“Are we there yet?” seems to be the big question with the Dallas/Fort Worth office market. The most likely answer is no, there is still tough times ahead. The Dallas/Fort Worth (DFW) Metroplex refused to participate in the recession for most of 2007 and 2008, but the fourth quarter of 2008 started a down trend that has so far continued in the first quarter of 2009. Sales volume is down, rental rates are down and vacancies are up.
National annual sales volumes for office properties peeked at nearly $208 billion in 2007 to be followed by a drop of 75 percent in 2008 according to Real Capital Analytics. Sales volume for office investments held up slightly better in the Dallas market decreasing only 65 percent in 2008 as the credit markets began tightening.
The rental rates and vacancy percentages held up much better in the DFW Metroplex than did the national averages. According to CoStar DFW hit its high vacancy rate in mid 2003 around 18 percent. Since that time it has steadily dropped with 2007 and 2008 remaining fairly stable at slightly above 16 percent. In 2007 and 2008 the Metroplex added 11,278,582 square feet of new office space yet during that same time period there was a positive absorption of 8,471,061 square feet. However the first quarter of 2009 ended 22 quarters of net positive absorption.
DFW Metroplex and Texas has a lot going for it. DFW is the fastest growing Metroplex in the nation. In the last 5 years Texas created 1.2 million new jobs and the job growth is still positive today. CNBC named Texas as the #1 state for doing business. These factors and more have kept the office market healthy up till now. The future is still bright, but there will be softening of rental rates due to the economy and a slight amount of overbuilding.
The joke in the 1980s was that Texas had a new state bird and it was the crane because everywhere you looked there was construction cranes. Today the overbuilding is nowhere near that level, perhaps because of the memories of so many see-through buildings and the years it took to absorb the empty space. We see no new construction starts on the horizon, but there is about 4 million square feet under construction today. The good news is that about 50 percent of that space is already preleased. The bad news is that vacancy rates are on the rise due to the economy and the additional space will only serve to push vacancies higher and rental rates lower.
In the last 6 months tenants have started to feel the effects of a slowing economy. Consumers are spending less, capital is expensive if even available and many companies are finding it necessary to downsize. Landlords are starting to offer concessions to get new tenants and existing tenants are asking for rate reductions on their renewals. In many cases tenants are asking for short term renewals because they are uncertain about their future or they think that rental rates will be much lower a year from now.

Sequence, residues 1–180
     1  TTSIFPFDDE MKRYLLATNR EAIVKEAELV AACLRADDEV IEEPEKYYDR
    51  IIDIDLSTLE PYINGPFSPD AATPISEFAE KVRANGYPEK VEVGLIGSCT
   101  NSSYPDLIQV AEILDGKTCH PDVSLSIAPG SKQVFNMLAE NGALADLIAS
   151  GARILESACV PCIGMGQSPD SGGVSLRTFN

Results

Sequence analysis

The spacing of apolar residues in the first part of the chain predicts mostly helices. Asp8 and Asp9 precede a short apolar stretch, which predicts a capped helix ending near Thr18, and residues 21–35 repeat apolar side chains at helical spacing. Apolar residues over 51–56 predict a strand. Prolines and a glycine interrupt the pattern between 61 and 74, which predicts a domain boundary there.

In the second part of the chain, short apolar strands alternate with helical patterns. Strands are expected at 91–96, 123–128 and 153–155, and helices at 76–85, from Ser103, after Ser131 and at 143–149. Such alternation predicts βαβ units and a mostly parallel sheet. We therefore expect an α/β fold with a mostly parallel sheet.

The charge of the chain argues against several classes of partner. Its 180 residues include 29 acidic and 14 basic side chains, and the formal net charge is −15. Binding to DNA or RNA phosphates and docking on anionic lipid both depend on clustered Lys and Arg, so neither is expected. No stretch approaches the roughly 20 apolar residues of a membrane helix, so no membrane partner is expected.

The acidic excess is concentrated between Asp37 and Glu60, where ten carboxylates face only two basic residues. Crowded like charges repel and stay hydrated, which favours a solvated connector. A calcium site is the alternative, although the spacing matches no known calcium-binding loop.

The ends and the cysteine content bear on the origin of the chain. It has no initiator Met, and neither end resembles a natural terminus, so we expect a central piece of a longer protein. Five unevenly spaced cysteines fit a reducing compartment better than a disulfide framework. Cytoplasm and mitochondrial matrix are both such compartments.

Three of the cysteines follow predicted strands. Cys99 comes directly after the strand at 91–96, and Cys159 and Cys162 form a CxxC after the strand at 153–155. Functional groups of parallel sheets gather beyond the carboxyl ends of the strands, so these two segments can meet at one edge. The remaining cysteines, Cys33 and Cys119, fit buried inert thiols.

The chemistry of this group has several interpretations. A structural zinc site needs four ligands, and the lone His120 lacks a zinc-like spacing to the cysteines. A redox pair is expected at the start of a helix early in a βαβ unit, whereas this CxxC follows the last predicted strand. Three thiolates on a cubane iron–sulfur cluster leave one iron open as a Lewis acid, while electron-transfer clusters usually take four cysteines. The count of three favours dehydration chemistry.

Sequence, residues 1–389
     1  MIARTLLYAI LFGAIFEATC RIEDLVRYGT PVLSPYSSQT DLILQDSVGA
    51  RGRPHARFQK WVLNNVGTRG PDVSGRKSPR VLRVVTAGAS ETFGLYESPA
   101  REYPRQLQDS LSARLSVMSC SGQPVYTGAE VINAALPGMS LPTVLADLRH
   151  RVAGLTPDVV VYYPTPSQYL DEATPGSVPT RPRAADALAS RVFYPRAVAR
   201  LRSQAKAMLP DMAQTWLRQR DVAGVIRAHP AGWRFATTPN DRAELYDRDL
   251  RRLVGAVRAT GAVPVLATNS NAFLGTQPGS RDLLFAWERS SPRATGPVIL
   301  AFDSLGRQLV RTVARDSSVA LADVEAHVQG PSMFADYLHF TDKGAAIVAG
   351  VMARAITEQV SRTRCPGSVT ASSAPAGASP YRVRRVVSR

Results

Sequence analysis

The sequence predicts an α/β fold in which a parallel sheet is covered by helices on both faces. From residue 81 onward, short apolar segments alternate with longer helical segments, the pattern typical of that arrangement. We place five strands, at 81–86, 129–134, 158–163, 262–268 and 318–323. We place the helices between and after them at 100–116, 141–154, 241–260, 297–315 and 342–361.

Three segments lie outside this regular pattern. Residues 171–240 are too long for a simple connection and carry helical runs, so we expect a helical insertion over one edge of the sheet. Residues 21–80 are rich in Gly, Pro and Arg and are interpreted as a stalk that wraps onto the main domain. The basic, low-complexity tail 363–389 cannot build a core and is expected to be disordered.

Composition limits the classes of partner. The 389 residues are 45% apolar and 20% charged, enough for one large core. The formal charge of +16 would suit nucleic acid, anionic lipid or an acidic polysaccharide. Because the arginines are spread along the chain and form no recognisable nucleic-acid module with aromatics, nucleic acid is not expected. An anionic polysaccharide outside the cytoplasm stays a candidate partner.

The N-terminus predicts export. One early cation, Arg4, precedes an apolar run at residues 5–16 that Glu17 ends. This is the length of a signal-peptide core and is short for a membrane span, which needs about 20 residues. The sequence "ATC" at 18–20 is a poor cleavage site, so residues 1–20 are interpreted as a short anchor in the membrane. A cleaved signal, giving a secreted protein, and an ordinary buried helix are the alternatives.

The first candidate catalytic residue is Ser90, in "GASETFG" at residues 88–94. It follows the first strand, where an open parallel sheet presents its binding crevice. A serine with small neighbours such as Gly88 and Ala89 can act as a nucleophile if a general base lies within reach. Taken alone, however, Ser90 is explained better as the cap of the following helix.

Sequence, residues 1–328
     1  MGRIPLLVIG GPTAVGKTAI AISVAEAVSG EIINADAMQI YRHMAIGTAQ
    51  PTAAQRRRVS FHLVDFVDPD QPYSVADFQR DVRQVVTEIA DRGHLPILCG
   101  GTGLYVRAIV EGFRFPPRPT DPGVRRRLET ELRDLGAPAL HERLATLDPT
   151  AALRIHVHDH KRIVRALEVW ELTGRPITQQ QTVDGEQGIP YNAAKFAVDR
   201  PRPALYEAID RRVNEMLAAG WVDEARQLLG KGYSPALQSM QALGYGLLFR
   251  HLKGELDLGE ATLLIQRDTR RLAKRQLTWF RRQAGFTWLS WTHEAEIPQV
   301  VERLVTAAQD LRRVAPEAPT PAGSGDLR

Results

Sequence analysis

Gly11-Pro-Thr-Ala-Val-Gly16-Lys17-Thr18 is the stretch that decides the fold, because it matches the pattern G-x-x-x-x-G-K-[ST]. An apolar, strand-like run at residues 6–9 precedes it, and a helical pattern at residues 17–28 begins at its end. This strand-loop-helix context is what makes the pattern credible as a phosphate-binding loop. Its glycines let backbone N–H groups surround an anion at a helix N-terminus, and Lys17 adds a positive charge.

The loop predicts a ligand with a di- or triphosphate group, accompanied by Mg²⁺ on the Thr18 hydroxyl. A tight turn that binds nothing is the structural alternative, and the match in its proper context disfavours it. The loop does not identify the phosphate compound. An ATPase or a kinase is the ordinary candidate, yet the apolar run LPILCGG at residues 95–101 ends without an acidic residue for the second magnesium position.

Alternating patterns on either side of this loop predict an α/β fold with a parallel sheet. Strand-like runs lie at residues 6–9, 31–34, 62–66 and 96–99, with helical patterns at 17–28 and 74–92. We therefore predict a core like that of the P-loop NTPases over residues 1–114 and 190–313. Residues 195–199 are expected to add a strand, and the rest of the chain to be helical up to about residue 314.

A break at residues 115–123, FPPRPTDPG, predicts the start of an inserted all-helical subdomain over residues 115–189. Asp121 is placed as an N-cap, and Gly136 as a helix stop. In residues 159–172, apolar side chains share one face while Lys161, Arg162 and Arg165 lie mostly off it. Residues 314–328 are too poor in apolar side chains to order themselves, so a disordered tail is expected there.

The DFW Metroplex is not as robust as a year ago, but investors and tenants are still finding value in the markets. In March 2009 KBS purchased Providence Towers. The 11-story Class A office tower contains 505,000 square feet, it was 87 percent leased with 47 tenants and was appraised on the county tax roles for $72 million. According to CoStar the two largest lease signings so far in 2009 include the 182,700 square foot lease signed by American Home Mortgage Servicing, Inc. at Point West in Las Colinas (Irving) and the 75,312 square foot lease signed by Texas Capital Bank in Lakeside Tower in Richardson.
Real estate always follows up and down cycles; the question is always are we at the bottom and how long will the current cycle last? The general consensus of real estate analyst and economists seem to think the economy and real estate will not get much better until 2010. The biggest problem for real estate may be the 140 billion of mostly CMBS loans coming due in the next 4 years. If the turmoil in the financial markets is not straightened out and capital made more available the real estate markets could experience difficulties for the next 4 or 5 years.
— David Cook, SIOR, is managing director of Sperry Van Ness | David Cook Company in Dallas.las.